• Jean-Gabriel Pageau leads the NHL in goals since the start of November and needs just four more goals this month to tie the Ottawa Senators franchise record for most goals in the month of November. [NHL PR]
  • Emil Bemstrom now has a five-game point streak for the Blue Jackets, tying a franchise record set by Dubois during the 2017-18 season. [NHL PR]

Scores

Boston Bruins 5, New Jersey Devils 1
Columbus Blue Jackets 5, Montreal Canadiens 2
Florida Panthers 5, Philadelphia Flyers 2
Minnesota Wild 4, Buffalo Sabres 1
New York Islanders 4, Pittsburgh Penguins 3 (OT)
Ottawa Senators 4, Detroit Red Wings 3
St. Louis Blues 3, Tampa Bay Lightning 1
Winnipeg Jets 2, Nashville Predators 1
Carolina Hurricanes 4, Chicago Blackhawks 2
Dallas Stars 6, Vancouver Canucks 1
Colorado Avalanche 3, Calgary Flames 2
Vegas Golden Knights 4, Toronto Maple Leafs 2
Edmonton Oilers 5, San Jose Sharks 2

Adam Gretz is a writer for Pro Hockey Talk on NBC Sports. Drop him a line at phtblog@nbcsports.com or follow him on Twitter @AGretz.

PHT Morning Skate: Babcock betting on himself; impact of Fabbri trade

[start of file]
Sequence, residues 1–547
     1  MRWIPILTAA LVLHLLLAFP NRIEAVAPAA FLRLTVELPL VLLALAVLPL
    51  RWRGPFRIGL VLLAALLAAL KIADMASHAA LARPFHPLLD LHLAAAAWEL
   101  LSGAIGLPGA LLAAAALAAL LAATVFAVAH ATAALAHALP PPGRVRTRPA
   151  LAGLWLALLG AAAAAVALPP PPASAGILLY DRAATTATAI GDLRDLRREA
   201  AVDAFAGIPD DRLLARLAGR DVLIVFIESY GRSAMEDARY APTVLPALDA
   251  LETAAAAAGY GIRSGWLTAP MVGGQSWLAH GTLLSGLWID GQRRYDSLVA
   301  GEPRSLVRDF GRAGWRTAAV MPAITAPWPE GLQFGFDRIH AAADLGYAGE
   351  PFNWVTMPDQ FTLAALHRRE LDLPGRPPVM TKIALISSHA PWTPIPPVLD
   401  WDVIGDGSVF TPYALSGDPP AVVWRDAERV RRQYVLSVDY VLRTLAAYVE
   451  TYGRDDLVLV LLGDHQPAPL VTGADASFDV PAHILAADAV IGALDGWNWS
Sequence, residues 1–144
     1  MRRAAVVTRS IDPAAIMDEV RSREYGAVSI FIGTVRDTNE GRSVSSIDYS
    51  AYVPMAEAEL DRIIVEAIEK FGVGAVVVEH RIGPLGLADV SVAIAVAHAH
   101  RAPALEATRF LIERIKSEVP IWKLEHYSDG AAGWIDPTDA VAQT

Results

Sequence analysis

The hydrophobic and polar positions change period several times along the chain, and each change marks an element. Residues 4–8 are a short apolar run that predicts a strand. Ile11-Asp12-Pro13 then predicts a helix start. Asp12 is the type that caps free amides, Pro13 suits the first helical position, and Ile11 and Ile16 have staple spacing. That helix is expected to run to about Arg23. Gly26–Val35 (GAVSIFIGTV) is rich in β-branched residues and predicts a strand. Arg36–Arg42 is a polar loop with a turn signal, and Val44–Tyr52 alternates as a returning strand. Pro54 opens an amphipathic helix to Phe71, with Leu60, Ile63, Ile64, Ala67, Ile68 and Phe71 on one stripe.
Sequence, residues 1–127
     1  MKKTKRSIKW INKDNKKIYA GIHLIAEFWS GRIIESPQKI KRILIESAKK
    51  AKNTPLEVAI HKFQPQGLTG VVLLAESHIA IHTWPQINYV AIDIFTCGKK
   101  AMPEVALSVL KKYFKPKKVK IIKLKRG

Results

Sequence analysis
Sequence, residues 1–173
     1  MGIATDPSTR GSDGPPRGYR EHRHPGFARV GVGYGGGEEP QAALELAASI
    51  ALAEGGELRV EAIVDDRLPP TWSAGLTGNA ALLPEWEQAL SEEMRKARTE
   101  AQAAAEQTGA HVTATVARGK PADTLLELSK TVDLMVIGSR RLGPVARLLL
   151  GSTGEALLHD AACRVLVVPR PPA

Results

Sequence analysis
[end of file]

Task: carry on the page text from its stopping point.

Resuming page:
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Welcome to the PHT Morning Skate, a collection of links from around the hockey world. Have a link you want to submit? Email us at phtblog@nbcsports.com.

• Mike Babcock on the pressures he’s currently facing with the Maple Leafs struggling: “I’m going to do (the job) as hard as I can for as long as I can. I’ve always bet on Mike Babcock. I’m going to continue to bet on him.” [Toronto Star]

• It’s not been a fun season if you’re employed as a Maple Leafs backup goaltender. [One Puck Short]

• Brady and Matthew Tkachuk have turned into phenomenal NHLers. [TSN]

• It’s been a pretty good first 20 games for the Panthers under Joel Quenneville. [Miami Herald]

• ‘Scrappy’ Jets gaining an identity at season’s quarter-mark. [Winnipeg Free Press]

• Morgan Frost, one of the Flyers’ top prospects, has been recalled. [NBC Sports Philadelphia]

• How Barry Trotz went from 50/50 sales to winning the Stanley Cup. [Sportsnet]

• What’s bugging the Predators of late? [A to Z Sports Nashville]

• The Bruins are eager to see Charlie McAvoy reached another level. [Boston Herald]